The Distinguished Assassin

The Distinguished Assassin

Publication date: 10th June 2013

1952. Stalin’s Russia. Persecuted by vicious MVD agent Vladimir Primakov, betrayed by his beautiful wife and forced to the very bottom of life by the cruel system he lives under, war hero and former professor Aleksei Klebnikov is offered a mission by the notorious thief-in-law Ivan Bessonov: to assassinate six leading Communists, all of them evil men.

Aleksei agrees to undertake it, this mission, after which he will finally have his revenge on Primakov, who also stole his wife. But when, with just one man left to kill, Aleksei is suddenly reunited with her, he discovers that all is not quite what it seems, and that perhaps he has an even greater enemy than Primakov, his wife and the Communist system…

Written in Taussig’s strong, distinctive voice, and with a great moral sense, The Distinguished Assassin is a fantastic achievement by a writer who has successfully married the fictional styles of crime and historical fiction, the novel containing pace and insight in equal measure. The story Taussig tells, of a persecuted intellectual’s revenge against Russian Communists, is not only a tense, thrilling and addictive tale of one man’s fight against a wicked and corrupt regime, but also an intelligent, thoughtful and moving account of life in Soviet Russia.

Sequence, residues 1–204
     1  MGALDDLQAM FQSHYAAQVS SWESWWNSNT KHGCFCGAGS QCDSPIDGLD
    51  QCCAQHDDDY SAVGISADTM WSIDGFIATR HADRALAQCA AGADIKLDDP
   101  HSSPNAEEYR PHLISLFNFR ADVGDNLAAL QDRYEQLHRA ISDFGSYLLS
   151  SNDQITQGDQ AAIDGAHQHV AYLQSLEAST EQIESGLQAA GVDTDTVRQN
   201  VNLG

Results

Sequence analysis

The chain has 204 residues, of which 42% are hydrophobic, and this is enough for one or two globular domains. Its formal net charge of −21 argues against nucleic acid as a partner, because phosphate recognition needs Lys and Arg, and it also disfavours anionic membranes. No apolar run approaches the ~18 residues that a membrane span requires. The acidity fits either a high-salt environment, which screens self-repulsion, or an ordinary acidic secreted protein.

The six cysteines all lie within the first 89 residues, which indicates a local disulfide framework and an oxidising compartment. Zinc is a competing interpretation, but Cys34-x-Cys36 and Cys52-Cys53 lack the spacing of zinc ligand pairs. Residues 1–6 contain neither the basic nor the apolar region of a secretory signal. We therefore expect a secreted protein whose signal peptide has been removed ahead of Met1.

Reviews

The Distinguished Assassin is Professor Aleksei Klebnikov, banished to a Gulag labour camp in 1949 on trumped-up charges. Set free in 1952, he becomes a hitman for a gangster, assigned to murder six brutal, highly placed Communist officials. Klebnikov’s ultimate aim is to kill the man responsible for his captivity and who, he believes, seduced his wife in his absence. The story is told in alternate chapters covering his time as prisoner and after his release. Through Klebnikov, the plight of the Russian people under Stalinist rule is grippingly demonstrated. Taussig’s style – short on dialogue and long on descriptions and Klebnikov’s thoughts – takes a bit of getting used to, but turns out to be effective for the passionate political and emotional content of his novel.”